Equally eye-opening are his accounts of interacting with teenage students who exhibit a "compulsive, almost uncontrollable communicativeness." Education, Keizer demonstrates in anecdote after anecdote, is a social transaction, not a robotic transmission of knowledge. Broken chalk, hurt feelings (on all sides), hundreds of separate explanations of a ridiculously simple assignment, intimate confessions, food used as bribery — all these may become part of the process, whether the teacher likes it or not.
In this sense, Keizer suggests, all schooling has elements of student-directed "unschooling." But he's not OK with giving over his whole class period to that free-form process — far from it. "[T]here are gains to be had by laying the plan aside and going with the flow of a class's sudden inspiration," he writes, "but show me a teacher who sees this as the norm, and I'll show you a teacher living in a pipe dream of delusional serendipity. In a word, I'll show you a slacker."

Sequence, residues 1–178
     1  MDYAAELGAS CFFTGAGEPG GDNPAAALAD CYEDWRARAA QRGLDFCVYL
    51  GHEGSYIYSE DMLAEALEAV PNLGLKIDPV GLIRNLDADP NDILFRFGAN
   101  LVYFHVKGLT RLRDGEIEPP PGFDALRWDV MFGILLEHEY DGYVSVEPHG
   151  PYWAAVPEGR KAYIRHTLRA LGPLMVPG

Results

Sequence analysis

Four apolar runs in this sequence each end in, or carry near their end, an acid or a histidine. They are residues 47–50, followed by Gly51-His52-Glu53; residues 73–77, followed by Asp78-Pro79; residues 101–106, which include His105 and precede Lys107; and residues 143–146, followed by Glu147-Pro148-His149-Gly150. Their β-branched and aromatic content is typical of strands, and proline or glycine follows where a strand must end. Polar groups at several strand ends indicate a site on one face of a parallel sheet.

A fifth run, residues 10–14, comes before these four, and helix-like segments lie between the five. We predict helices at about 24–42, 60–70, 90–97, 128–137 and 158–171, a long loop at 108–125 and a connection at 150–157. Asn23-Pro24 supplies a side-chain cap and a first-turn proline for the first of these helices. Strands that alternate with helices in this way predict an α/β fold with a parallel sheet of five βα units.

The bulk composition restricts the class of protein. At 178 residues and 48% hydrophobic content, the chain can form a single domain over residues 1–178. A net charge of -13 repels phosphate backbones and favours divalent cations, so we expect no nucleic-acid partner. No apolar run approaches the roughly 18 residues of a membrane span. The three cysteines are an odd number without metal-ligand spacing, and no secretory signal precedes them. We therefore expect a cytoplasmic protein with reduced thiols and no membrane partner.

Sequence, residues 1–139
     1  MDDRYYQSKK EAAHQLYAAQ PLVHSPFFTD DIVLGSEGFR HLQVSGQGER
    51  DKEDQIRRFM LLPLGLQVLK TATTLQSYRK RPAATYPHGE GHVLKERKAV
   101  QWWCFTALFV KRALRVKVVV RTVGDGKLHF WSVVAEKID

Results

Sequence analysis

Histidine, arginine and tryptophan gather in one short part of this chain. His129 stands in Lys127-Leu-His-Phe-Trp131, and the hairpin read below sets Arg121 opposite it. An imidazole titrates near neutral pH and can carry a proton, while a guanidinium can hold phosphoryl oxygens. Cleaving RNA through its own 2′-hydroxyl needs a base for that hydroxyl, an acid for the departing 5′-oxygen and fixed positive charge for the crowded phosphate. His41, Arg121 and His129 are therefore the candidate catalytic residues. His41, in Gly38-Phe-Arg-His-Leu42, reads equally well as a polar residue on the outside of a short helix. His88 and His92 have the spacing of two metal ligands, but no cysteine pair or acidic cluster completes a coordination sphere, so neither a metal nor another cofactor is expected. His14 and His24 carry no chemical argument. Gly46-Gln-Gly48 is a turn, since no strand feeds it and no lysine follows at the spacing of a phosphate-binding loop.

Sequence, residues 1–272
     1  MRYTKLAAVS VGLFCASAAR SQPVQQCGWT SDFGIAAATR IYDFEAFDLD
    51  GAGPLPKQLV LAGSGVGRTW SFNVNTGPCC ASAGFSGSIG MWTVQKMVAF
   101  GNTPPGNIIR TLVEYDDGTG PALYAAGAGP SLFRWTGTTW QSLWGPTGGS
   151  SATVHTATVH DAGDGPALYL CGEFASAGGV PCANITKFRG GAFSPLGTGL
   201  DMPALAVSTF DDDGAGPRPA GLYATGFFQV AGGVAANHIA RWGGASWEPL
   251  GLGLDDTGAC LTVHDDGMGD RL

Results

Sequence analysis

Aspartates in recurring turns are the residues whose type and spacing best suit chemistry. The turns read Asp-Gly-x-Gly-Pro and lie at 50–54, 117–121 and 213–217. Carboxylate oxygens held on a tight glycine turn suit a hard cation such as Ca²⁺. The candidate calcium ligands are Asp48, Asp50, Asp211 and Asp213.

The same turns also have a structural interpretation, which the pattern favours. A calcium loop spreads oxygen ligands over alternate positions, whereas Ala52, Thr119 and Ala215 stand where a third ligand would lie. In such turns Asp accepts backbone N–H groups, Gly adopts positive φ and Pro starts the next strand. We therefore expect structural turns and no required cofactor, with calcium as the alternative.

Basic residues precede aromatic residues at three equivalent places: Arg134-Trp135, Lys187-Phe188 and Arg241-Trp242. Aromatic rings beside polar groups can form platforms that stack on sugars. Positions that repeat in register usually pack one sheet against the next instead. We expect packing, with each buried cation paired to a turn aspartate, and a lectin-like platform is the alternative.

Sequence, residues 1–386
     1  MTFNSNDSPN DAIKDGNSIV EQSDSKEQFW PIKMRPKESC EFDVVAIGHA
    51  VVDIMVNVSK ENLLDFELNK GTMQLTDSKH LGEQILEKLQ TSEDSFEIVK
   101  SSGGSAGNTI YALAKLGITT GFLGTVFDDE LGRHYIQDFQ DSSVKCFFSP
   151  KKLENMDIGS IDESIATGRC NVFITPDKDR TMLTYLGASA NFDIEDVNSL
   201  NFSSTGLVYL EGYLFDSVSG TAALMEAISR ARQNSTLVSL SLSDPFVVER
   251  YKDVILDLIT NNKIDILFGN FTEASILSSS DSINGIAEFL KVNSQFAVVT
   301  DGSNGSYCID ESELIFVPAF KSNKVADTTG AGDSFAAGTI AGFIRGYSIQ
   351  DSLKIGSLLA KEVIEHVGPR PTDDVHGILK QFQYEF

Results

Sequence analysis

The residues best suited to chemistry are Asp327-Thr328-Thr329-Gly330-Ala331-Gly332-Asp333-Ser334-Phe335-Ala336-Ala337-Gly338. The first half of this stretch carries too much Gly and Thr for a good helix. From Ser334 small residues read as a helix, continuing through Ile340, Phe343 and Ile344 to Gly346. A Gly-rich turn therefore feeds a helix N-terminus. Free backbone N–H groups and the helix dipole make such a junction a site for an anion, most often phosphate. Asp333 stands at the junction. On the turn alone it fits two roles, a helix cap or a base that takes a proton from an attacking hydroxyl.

So, for instance, during his year at Lake Region, Keizer plays to his 10th graders' preference for hands-on learning by assigning them to create a project — such as a film or diorama — based on the books they've read. But he also insists that they read those classic novels cover to cover and write research papers, complete with old-school notecards.
If those sound like minimal requirements to adult readers, they aren't to many of Keizer's students, whose distaste for books — indeed, bemusement at the notion of reading anything longer than SparkNotes — stuns him again and again. These kids, he notes, are far less impressed by the volumes their teacher has authored than by his six-minute appearance on "The Colbert Report."